@n0nick are you sure, even in 2.0? I know I've used it on "vanilla" installs without rails etc., and it's in /usr/share/ruby/2.0/time.rb. Commented Oct 4, 2017 at 16:48
  • 1
    iso8601 is in the Ruby standard library: you need to require 'time'
    – collimarco
    Commented Nov 8, 2021 at 13:45

if you need a human-readable timestamp (like rails migration has) ex. "20190527141340"

Time.now.utc.to_formatted_s(:number)  # using Rails

Time.now.utc.strftime("%Y%m%d%H%M%S") # using Ruby

Usually timestamp has no timezone.

% irb
> Time.now.to_i == Time.now.getutc.to_i
=> true
  • 1
    to_f will be better
    – xis
    Commented Apr 8, 2014 at 22:57
  • 1
    depends on the situation. Commented Apr 9, 2014 at 9:40
  • 1
    When does a timestamp have a timezone?
    – Dennis
    Commented Jun 26, 2014 at 14:44
  • 1
    timestamp does not related to time zone. In other words, timestamp is UTC. Commented Jun 27, 2014 at 3:51
  • 1
    @YukiMatsukura Actually, that's not entirely accurate either. A time stamp doesn't even represent any time zone, so "timestamp is UTC" is true as much as "timestamp is elephant poop". The problem is in representation. Most devs represent it as Unix time stamp (which does not indicate UTC or any other time zone as it's just an integer value).
    – Pelle
    Commented Jun 2, 2017 at 17:59

What good is a timestamp with its granularity given in seconds? I find it much more practical working with Time.now.to_f. Heck, you may even throw a to_s.sub('.','') to get rid of the decimal point, or perform a typecast like this: Integer(1e6*Time.now.to_f).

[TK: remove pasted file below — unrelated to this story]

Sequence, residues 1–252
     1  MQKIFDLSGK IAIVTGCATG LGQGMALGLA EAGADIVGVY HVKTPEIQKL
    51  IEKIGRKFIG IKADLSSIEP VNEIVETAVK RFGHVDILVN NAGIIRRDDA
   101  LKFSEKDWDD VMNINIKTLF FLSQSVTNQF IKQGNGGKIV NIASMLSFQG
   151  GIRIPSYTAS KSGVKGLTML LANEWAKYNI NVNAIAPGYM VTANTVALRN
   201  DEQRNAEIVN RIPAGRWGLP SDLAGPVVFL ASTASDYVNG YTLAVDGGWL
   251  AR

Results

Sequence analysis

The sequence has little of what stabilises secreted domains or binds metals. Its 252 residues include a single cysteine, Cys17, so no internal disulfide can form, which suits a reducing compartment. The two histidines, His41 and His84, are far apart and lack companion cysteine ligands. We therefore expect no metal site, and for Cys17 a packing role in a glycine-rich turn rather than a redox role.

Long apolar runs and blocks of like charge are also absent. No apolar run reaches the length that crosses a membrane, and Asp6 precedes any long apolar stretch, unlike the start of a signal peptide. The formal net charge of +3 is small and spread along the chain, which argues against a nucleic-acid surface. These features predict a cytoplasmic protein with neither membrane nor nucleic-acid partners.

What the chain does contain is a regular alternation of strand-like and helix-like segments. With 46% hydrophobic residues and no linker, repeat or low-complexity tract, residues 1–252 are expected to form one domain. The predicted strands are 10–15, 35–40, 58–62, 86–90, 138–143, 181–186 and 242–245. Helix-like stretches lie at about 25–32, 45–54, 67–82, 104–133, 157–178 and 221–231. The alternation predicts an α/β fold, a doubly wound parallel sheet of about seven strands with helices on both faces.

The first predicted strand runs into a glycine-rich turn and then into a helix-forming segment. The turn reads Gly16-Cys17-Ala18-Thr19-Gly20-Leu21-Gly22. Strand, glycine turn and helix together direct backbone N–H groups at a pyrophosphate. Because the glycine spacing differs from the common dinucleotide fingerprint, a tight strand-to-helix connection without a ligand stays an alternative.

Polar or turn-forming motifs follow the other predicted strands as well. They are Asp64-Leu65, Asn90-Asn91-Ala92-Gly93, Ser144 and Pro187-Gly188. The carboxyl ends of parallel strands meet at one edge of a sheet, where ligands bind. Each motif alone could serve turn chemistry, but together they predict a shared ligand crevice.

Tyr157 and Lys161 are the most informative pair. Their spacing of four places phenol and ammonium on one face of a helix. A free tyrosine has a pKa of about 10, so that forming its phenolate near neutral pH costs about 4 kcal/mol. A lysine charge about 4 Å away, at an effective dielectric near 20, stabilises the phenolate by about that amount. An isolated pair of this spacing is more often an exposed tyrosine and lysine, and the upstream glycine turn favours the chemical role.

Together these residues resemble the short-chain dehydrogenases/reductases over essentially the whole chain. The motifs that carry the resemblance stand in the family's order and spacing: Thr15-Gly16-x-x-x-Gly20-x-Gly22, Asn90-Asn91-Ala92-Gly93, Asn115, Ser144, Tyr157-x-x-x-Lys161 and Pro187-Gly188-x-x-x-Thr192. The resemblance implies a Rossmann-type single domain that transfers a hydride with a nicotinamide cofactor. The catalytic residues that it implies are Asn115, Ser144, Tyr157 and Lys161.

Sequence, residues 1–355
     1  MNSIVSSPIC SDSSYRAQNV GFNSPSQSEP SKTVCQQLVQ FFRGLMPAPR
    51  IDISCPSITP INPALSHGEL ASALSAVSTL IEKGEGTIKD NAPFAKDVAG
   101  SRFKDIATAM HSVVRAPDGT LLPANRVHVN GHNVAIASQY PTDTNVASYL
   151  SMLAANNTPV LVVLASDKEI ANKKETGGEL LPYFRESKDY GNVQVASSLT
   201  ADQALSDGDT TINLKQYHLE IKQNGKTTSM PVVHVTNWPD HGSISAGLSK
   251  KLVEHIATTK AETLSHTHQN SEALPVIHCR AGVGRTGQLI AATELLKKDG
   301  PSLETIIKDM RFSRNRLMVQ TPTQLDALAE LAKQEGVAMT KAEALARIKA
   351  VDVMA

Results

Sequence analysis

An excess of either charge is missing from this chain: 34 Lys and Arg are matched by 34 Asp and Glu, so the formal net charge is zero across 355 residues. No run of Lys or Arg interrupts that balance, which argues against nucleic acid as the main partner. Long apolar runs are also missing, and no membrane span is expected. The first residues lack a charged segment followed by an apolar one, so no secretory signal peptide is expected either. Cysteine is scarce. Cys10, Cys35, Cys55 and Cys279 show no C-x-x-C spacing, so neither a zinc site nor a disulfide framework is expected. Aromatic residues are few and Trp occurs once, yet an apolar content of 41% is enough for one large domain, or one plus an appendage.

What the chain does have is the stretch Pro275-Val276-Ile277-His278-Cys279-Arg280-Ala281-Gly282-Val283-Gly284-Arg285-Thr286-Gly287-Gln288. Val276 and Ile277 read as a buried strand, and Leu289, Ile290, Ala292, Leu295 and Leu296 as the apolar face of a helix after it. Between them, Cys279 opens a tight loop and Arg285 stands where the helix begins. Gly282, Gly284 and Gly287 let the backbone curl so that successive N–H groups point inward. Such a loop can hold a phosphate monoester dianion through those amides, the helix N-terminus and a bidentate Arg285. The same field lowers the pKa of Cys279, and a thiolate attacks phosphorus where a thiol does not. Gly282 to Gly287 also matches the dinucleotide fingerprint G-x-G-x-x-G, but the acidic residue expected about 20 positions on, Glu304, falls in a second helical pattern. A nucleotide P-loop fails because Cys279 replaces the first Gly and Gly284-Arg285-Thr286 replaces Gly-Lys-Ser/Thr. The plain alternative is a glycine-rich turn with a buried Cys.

• thanks. I used this: Integer(1e3*Time.now.to_f) so that my server side ruby timestamp was the same as client side javascript Date.now()
    – joshweir
    Commented Aug 1, 2019 at 21:46
  • Note that Time.now.to_f does not return a consistent number of decimal places, so .to_s.sub('.','') is a very bad idea. (Time.now.to_f * 1e6).to_i works fine. As an alternative you could also concat the unix timstamps (in seconds) and usec together. now = Time.now then format('%d%06d', now.to_i, now.usec)
    – 3limin4t0r
    Commented Sep 19, 2023 at 8:40

Time.utc(2010, 05, 17)


time = Time.zone.now()

It will work as

irb> Time.zone.now
=> 2017-12-02 12:06:41 UTC
  • Jonathan, can u tell me whats wrong in this answer?
    – Asterisk
    Commented Dec 4, 2017 at 4:31
  • 1
    This depends on what Ruby things is the local timezone. It will work as expect only if the local TZ is UTC. Commented Dec 22, 2017 at 19:32

The proper way is to do a Time.now.getutc.to_i to get the proper timestamp amount as simply displaying the integer need not always be same as the utc timestamp due to time zone differences.

  • 7
    Everyone else said that, so why just copy it, with no new information, 3 years late?
    – Kaspar Lee
    Commented Apr 12, 2016 at 11:51
  • 3
    And with no punctuation that would make the 1 sentence, which is a bit too long and is not completely syntactically correct, clearer. Commented Jul 24, 2017 at 12:28